Paralympic Games
24 August - 5 September 2021

From tragedy to triumph, Tang Xuemei finds true calling for sitting volleyball

Chinese player survives earthquake and goes on to become Paralympic champion 12 May 2021
Chinese sitting volleyball team celebrates on the podium after winning gold at London 2012
Chinese female sitting volleyball team poses after winning the London 2012 final
ⒸGetty Images
By Tokyo 2020

“I longed to live”

It was 12 May 2008, 2:28 p.m. in the afternoon. The whole world around Tang Xuemei started to shake.

In her school’s dormitory building, she suddenly found herself surrounded by a panicking crowd shouting: “Earthquake! Earthquake!”

She began to run, but only after a few steps, the floor under her feet disappeared and she stepped into the void. It only lasted for a few seconds, but for Tang, it felt like a lifetime. When she finally got back her composure, the 14-year-old was surrounded by pitch black, and her left leg seemed to be pinned down by something, while her right leg was hanging in the air.

Fortunately amidst all that chaos, she survived because a bowl was on her head and the wall did not collapse further but only miraculously formed a frame around her head.

She slowly began to hear the voices calling for help around her. And not long after, she heard her dad's voice, who told her to hold on while he went to find someone to get her out.

Tang knew that her father would find someone to rescue her, so she waited in the dark, but did not know how long it would take. The voices around her gradually faded away, until they all fell silent.

She knew what that meant.

In the moment, she thought she would die for sure. And she thought of her mom and dad.

“Between life and death, you only think of the people that matters to you the most,” Tang said “And thinking of my parents, I knew that I cannot die, I had to live.”

She waited in complete silence for almost 28 hours.

When Tang was finally rescued, her left calf needed to be amputated. Her parents hesitated, thinking that their daughter would have only one healthy leg for the rest of her life, and struggled to sign that paper for Tang’s amputation.

"My mom and dad begged the doctors not to amputate my leg because they didn't know exactly what my future path would be like, but I knew exactly how much I wanted to live after I waited 28 long hours down there, even if I would be missing a leg. So I told them, I will sign if you won’t , because I want to live," Tang recalled. “While I was down there, I was neither thirsty nor hungry, I was thinking only that someone would come and get me out, I longed to live.”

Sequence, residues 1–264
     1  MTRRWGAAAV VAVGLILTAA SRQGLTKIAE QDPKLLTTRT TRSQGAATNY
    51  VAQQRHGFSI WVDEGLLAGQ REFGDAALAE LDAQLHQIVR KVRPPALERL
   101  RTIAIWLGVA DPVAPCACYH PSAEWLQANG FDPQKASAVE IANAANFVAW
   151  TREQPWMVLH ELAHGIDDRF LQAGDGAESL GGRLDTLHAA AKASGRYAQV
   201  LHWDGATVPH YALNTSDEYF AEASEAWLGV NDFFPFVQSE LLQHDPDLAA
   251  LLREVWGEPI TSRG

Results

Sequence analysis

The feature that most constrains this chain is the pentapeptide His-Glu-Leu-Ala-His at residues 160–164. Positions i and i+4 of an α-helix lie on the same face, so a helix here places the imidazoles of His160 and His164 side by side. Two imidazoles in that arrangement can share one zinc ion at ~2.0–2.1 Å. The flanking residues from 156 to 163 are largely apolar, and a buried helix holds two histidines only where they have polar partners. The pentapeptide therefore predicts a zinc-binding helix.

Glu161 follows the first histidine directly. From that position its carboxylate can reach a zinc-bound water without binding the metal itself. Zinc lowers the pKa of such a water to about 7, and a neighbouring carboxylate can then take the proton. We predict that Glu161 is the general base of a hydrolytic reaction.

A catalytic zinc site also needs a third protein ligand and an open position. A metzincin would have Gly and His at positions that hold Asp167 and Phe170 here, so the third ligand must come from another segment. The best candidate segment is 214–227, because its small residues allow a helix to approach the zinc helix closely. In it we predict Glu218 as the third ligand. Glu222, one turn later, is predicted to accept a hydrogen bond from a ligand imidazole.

Encounter with reality

After being rescued, Tang did not have time to process the fact that she had lost part of a leg. In the disaster known as the Wenchuan Earthquake, there were 70,000 fatalities and more than 370,000 injured. It is the deadliest earthquake to hit China since the 1976 Tangshan earthquake. However, upon seeing all the devastation around, Tang felt very lucky to survive.

When the strong emotions of mourning and shock slowly settled, Tang began to think about her future. There was one particular moment that made it very clear to her that there would be challenges ahead.

One night in the hospital, Tang wanted to go to the toilet and wanted her mother who was caring for her to get a good night's sleep. When she lifted her left leg quickly, and with her right leg following in reflex, Tang went out of balance and fell heavily on the floor.

Lying on the cold floor, she suddenly realised what her future will be.

The ultimate mixed blessing

With her impairment, Tang became quiet and withdrawn.